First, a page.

8:76. David Hume – Treatise on Human Nature; Essays Moral and Political; An Enquiry Concerning Human Understanding
77. Jean-Jacques Rousseau – On the Origin of Inequality; On the Political Economy; Emile – or, On Education, The Social Contract
78. Laurence Sterne – Tristram Shandy; A Sentimental Journey through France and Italy
79. Adam Smith – The Theory of Moral Sentiments; The Wealth of Nations
80. Immanuel Kant – Critique of Pure Reason; Fundamental Principles of the Metaphysics of Morals; Critique of Practical Reason; The Science of Right; Critique of Judgment; Perpetual Peace
81. Edward Gibbon – The Decline and Fall of the Roman Empire; Autobiography
82. James Boswell – Journal; Life of Samuel Johnson, Ll.D.
83. Antoine Laurent Lavoisier – Traité Élémentaire de Chimie (Elements of Chemistry)
84. Alexander Hamilton, John Jay, and James Madison – Federalist Papers
85. Jeremy Bentham – Introduction to the Principles of Morals and Legislation; Theory of Fictions
86. Johann Wolfgang von Goethe – Faust; Poetry and Truth
87. Jean Baptiste Joseph Fourier – Analytical Theory of Heat
88. Georg Wilhelm Friedrich Hegel – Phenomenology of Spirit; Philosophy of Right; Lectures on the Philosophy of History
89. William Wordsworth – Poems
90. Samuel Taylor Coleridge – Poems; Biographia Literaria
91. Jane Austen – Pride and Prejudice; Emma
92. Carl von Clausewitz – On War
93. Stendhal – The Red and the Black; The Charterhouse of Parma; On Love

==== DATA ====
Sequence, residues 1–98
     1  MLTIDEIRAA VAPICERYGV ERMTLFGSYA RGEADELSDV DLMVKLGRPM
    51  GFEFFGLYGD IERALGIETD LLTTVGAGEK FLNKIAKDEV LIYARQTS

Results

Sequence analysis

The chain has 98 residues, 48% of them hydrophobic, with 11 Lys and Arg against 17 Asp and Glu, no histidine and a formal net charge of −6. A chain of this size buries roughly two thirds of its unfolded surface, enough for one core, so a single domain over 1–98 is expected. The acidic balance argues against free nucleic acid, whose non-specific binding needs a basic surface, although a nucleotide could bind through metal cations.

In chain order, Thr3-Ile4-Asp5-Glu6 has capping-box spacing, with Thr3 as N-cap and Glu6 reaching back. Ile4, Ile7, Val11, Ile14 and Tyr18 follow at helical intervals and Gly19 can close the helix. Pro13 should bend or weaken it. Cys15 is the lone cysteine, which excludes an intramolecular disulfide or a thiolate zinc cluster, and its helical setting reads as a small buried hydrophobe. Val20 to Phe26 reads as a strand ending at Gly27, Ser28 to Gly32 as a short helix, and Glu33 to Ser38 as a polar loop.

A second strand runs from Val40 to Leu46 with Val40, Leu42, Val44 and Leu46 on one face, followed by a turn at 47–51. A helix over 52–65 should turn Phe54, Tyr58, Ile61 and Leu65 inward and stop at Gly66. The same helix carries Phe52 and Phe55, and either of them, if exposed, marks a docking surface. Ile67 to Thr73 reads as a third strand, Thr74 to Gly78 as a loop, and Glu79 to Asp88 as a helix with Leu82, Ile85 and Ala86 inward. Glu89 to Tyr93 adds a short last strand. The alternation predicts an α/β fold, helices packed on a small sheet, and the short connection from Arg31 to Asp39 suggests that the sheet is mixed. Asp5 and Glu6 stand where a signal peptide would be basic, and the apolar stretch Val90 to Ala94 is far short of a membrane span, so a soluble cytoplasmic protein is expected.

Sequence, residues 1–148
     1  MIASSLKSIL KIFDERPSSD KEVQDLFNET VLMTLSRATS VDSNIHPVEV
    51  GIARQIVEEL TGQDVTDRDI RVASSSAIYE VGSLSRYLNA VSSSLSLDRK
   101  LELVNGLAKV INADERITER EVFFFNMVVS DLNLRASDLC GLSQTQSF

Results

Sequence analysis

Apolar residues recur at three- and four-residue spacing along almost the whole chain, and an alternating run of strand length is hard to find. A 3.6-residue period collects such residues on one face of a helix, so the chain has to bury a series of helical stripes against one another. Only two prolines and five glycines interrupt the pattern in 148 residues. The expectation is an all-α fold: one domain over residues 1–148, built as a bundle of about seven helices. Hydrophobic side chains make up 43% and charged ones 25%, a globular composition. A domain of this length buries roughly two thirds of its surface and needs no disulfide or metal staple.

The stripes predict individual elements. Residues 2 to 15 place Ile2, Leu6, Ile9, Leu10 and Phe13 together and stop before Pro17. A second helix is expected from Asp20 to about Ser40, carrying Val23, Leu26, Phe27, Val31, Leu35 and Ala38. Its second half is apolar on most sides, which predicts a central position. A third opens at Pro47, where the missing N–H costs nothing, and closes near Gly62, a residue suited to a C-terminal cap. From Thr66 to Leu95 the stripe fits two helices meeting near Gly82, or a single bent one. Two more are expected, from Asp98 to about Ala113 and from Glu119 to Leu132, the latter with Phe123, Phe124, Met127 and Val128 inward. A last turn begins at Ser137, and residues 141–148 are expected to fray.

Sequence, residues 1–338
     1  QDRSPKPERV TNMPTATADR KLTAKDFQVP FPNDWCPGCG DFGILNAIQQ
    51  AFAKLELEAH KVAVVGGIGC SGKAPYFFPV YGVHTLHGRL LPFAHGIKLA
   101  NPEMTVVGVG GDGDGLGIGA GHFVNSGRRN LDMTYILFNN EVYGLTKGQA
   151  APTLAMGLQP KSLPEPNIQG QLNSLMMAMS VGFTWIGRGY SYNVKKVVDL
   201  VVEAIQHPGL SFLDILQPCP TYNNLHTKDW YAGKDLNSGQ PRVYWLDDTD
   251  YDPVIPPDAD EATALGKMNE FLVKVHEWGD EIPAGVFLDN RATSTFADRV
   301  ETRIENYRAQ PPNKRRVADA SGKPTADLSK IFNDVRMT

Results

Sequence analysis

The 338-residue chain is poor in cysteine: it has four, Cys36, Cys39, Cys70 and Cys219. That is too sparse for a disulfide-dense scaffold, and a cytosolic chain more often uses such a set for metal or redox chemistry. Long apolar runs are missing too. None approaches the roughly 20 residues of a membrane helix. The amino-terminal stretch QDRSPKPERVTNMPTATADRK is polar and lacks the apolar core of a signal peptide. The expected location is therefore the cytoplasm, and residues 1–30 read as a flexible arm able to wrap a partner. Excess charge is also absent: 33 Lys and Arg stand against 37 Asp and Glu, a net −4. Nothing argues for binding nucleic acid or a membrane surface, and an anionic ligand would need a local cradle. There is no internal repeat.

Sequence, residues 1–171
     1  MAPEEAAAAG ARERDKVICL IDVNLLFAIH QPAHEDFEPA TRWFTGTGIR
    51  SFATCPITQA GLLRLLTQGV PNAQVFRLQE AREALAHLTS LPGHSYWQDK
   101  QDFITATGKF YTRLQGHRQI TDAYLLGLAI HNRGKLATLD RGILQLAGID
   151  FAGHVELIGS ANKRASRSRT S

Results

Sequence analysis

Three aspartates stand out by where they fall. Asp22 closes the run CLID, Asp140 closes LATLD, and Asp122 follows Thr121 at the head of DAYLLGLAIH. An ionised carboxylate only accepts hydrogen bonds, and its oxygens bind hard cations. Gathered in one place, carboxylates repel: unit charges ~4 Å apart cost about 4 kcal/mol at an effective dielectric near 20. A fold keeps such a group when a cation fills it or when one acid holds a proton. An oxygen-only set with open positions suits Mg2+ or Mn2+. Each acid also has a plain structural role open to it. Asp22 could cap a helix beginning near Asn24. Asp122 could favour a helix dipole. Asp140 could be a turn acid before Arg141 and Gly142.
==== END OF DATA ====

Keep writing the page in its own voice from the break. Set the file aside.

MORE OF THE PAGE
94. Lord Byron – Don Juan
95. Arthur Schopenhauer – Studies in Pessimism
96. Michael Faraday – Chemical History of a Candle; Experimental Researches in Electricity
97. Charles Lyell – Principles of Geology
98. Auguste Comte – The Positive Philosophy
99. Honoré de Balzac – Père Goriot; Eugenie Grandet
100. Ralph Waldo Emerson – Representative Men; Essays; Journal
101. Nathaniel Hawthorne – The Scarlet Letter
102. Alexis de Tocqueville – Democracy in America
103. John Stuart Mill – A System of Logic; On Liberty; Representative Government; Utilitarianism; The Subjection of Women; Autobiography
104. Charles Darwin – The Origin of Species; The Descent of Man; Autobiography
105. Charles Dickens – Pickwick Papers; David Copperfield; Hard Times
106. Claude Bernard – Introduction to the Study of Experimental Medicine
107. Henry David Thoreau – Civil Disobedience; Walden
108. Karl Marx – Capital; Communist Manifesto
109. George Eliot – Adam Bede; Middlemarch
110. Herman Melville – Moby-Dick; Billy Budd
111. Fyodor Dostoevsky – Crime and Punishment; The Idiot; The Brothers Karamazov
112. Gustave Flaubert – Madame Bovary; Three Stories
113. Henrik Ibsen – Plays
114. Leo Tolstoy – War and Peace; Anna Karenina; What is Art?; Twenty-Three Tales
115. Mark Twain – The Adventures of Huckleberry Finn; The Mysterious Stranger
116. William James – The Principles of Psychology; The Varieties of Religious Experience; Pragmatism; Essays in Radical Empiricism
117. Henry James – The American; The Ambassadors
118. Friedrich Wilhelm Nietzsche – Thus Spoke Zarathustra; Beyond Good and Evil; The Genealogy of Morals;The Will to Power
119. Jules Henri Poincaré – Science and Hypothesis; Science and Method
120. Sigmund Freud – The Interpretation of Dreams; Introductory Lectures on Psychoanalysis; Civilization and Its Discontents; New Introductory Lectures on Psychoanalysis
121. George Bernard Shaw – Plays and Prefaces ~ Mortimer J Adler